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CAS hires six with diverse expertise in pandemic research

Thursday, September 30, 2021

Media Contact: Jacob Longan | Coordinator of Communications and Marketing | 405-744-7497 |

One of the most important functions of a land-grant institution such as Oklahoma State University is to conduct research that benefits everyone.

For example, our faculty are studying the COVID-19 pandemic with two main goals. First, they are looking for ways to accelerate the end of this pandemic. And second, their work can help to mitigate the effects of the next pandemic — whatever it is and whenever it happens.

This work is boosted by the new Stillwater-based Oklahoma Pandemic Center for Innovation and Excellence.

According to its website, the OPCIE “was established in October 2020 by Gov. Kevin Stitt to better protect Oklahomans from future pandemics. The loss of Oklahoma lives and economic devastation caused by COVID-19 brought to the forefront the importance of investing in our state’s public health infrastructure, testing capability, research endeavors and commercial partnerships. The OPCIE builds partnerships between public and private entities to bridge the gap between laboratory and clinical practices and creates improved public health responses, incorporating the unique needs of Oklahoma’s rural, urban and tribal communities.”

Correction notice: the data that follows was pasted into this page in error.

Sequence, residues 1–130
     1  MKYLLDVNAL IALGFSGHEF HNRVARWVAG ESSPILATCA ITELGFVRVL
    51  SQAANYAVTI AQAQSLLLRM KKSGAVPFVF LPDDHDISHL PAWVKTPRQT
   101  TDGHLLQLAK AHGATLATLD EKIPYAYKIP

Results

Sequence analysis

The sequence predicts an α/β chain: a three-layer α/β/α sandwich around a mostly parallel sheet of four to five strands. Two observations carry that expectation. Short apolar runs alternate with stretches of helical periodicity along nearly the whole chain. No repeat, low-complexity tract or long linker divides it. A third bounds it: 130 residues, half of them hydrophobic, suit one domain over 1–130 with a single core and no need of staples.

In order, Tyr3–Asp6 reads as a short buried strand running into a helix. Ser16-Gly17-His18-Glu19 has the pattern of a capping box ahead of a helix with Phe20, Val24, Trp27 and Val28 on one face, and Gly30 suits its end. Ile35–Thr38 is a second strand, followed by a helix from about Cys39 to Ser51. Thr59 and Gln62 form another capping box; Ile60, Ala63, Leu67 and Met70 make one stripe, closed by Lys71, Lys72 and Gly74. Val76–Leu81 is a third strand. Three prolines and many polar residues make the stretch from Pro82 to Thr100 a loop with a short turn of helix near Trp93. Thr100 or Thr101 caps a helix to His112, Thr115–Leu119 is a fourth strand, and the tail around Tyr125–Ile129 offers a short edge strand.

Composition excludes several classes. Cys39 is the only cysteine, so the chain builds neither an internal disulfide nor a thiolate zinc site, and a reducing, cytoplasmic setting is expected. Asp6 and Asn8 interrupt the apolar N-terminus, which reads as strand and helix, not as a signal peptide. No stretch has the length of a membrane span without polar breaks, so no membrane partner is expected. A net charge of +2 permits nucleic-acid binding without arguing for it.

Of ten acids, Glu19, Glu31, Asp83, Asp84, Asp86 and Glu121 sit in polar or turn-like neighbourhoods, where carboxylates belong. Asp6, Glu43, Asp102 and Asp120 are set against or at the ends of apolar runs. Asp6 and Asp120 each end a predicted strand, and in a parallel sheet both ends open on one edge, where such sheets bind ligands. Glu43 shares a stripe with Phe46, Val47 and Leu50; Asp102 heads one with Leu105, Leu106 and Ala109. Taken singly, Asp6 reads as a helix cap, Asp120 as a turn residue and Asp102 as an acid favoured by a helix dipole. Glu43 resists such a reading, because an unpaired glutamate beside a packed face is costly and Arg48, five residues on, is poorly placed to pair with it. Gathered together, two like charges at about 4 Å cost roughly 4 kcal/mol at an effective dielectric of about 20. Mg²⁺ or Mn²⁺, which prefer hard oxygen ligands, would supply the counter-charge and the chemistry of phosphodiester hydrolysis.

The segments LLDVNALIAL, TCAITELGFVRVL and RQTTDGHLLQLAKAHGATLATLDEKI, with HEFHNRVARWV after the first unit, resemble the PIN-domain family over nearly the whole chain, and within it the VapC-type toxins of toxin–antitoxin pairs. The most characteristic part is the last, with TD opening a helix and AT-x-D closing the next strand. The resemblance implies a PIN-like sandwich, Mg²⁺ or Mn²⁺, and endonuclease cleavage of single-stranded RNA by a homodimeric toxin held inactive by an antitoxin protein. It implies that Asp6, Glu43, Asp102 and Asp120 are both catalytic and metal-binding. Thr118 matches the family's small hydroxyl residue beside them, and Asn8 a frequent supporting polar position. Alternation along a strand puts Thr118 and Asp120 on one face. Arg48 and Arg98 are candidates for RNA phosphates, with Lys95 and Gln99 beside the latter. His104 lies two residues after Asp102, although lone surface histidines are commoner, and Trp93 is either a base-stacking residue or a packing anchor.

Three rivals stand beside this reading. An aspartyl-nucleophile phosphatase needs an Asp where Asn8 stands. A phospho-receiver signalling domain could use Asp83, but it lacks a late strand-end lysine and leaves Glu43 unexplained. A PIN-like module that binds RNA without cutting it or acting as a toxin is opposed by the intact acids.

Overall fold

This effort is further enhanced by the addition of six CAS faculty hires over the next year, each with a relevant area of research expertise.